Contentions raised by the appellant

Advocate, Mrs. Rajdipa Behura appearing on behalf of the appellant submitted that the plaint lacked cause of action and was barred under Section 41 of the Specific Relief Act. It contended that the trial court did not appreciate the grounds raised in the application seeking rejection of the plaint. She argued that the High Court had misconstrued the Orissa amendment to Section 115 of the CPC. The maintainability of the Writ Petition filed challenging the revisional court's order was also questioned.

Contentions raised by the respondents

Advocate, Mr. Anirudh Sanganeria appearing on behalf of the respondent no. 1 argued that when the plaint is rejected by allowing an Order VII Rule 11 application, it results in a decree being passed under Section 2(2) of the CPC and therefore the High Court was right in finding that the revisional court had exceeded its jurisdiction.

Analysis by the Supreme Court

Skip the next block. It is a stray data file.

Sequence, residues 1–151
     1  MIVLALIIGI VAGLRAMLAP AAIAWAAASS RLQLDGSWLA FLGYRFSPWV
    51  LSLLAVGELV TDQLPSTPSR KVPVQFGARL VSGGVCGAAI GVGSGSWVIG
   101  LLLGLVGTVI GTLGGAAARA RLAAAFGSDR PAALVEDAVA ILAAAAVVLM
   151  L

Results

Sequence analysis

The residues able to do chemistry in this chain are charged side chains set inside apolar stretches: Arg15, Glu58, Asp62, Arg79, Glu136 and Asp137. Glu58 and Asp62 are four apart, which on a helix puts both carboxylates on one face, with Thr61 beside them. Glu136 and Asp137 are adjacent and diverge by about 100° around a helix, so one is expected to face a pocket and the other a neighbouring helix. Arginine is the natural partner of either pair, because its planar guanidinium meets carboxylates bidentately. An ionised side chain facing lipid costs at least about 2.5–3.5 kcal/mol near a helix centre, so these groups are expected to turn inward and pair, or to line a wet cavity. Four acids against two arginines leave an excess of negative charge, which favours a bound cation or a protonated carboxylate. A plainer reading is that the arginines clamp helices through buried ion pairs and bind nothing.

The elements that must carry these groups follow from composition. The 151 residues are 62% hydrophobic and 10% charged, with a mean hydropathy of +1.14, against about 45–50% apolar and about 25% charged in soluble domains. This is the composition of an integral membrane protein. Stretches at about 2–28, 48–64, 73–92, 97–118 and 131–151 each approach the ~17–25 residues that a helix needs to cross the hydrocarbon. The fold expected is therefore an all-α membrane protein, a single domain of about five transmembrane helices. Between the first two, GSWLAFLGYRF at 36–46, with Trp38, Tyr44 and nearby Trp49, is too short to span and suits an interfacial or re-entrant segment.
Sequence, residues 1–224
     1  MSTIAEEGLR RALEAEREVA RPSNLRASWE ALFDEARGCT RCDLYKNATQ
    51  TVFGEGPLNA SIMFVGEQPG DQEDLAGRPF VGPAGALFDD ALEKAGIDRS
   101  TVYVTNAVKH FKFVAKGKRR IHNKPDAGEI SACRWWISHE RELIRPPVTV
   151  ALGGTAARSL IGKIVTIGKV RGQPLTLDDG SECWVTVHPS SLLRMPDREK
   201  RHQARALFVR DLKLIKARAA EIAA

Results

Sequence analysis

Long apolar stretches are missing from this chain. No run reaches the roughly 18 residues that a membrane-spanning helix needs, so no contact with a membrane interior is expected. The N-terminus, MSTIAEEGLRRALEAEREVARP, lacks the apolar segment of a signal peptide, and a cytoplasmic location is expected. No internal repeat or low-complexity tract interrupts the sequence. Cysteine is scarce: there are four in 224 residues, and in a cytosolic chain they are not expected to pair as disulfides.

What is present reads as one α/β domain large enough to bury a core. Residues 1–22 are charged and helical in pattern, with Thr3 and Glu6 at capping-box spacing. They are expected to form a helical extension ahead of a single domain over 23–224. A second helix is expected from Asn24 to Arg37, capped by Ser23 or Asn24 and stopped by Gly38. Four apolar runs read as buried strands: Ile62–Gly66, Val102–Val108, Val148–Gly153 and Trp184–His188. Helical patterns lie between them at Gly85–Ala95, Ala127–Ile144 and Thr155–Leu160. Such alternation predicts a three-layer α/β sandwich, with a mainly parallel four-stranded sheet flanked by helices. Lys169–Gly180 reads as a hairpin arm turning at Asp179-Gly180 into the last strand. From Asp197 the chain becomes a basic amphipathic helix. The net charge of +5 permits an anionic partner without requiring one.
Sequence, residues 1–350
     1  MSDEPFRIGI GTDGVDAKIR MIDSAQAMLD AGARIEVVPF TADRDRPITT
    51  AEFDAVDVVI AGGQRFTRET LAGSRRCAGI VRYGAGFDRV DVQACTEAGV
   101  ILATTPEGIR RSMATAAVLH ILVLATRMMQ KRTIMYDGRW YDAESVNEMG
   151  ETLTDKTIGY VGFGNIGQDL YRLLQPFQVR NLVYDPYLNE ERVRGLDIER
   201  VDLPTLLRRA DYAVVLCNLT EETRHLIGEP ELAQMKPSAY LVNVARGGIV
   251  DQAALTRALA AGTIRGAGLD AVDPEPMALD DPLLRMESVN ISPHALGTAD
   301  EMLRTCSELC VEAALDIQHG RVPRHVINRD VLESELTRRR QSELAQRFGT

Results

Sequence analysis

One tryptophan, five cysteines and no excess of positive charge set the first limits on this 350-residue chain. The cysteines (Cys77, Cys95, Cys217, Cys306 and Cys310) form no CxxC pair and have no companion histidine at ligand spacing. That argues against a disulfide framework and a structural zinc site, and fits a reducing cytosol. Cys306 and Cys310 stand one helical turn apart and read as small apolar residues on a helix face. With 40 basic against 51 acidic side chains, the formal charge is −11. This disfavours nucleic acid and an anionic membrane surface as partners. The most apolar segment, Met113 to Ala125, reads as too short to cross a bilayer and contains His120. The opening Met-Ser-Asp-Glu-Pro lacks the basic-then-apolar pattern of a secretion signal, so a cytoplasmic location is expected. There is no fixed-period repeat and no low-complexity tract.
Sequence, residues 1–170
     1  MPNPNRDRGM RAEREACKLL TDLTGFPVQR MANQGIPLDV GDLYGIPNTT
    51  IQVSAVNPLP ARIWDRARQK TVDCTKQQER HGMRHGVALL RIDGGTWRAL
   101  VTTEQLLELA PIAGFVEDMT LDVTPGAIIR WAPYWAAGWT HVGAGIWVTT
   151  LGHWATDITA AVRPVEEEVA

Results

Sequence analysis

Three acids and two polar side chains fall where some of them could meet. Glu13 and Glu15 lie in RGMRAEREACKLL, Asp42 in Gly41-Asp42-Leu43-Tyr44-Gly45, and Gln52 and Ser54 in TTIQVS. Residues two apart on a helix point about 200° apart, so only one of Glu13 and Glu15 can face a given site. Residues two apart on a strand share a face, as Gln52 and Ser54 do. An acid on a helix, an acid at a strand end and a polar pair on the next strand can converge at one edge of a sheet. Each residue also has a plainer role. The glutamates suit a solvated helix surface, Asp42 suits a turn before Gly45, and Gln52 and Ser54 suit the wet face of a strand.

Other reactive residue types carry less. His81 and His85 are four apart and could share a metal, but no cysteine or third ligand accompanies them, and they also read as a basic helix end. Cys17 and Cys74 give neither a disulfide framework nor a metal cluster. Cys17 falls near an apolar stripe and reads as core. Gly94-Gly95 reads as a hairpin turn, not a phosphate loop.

On perusal of Section 115 of the CPC (Orissa Amendment) the Court noted that revisional court was conferred the power to reverse an order which would finally dispose of the suit or other proceedings. Therefore, it held that by allowing the application seeking rejection of plaint, the revisional court had not exceeded its jurisdiction. Referring to a catena of judgments, the Court was of the view that the plaint, in the present case, disclosed a cause of action, therefore it could not have been rejected on the said ground. The objection that the plaint was barred under Section 34 of the Specific Relief Act would not hold water as an omission on the part of the plaintiff to pray for further consequential relief is relevant only at the time of final adjudication of the suit and not at the preliminary stage. The other reason cited for seeking rejection of the plaint was that the respondent no. 1 had prayed for a declaration that the cheque issued in the name of the appellate was only a security and not liable to be encashed. The appellant argued that in essence, the respondent no.1 attempted to frustrate the possibility of the appellant initiating action under the NI Act. The Court referred to Section 118 (a) of the NI Act which reads as under -